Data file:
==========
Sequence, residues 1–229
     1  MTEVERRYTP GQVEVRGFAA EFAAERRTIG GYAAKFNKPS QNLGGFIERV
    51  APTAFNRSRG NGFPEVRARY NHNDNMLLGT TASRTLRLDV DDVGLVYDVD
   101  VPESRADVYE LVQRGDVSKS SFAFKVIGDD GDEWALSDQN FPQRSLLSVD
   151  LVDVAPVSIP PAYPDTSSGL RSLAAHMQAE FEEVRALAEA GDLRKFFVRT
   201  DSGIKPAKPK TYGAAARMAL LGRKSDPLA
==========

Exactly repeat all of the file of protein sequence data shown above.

Sequence, residues 1–229
     1  MTEVERRYTP GQVEVRGFAA EFAAERRTIG GYAAKFNKPS QNLGGFIERV
    51  APTAFNRSRG NGFPEVRARY NHNDNMLLGT TASRTLRLDV DDVGLVYDVD
   101  VPESRADVYE LVQRGDVSKS SFAFKVIGDD GDEWALSDQN FPQRSLLSVD
   151  LVDVAPVSIP PAYPDTSSGL RSLAAHMQAE FEEVRALAEA GDLRKFFVRT
   201  DSGIKPAKPK TYGAAARMAL LGRKSDPLA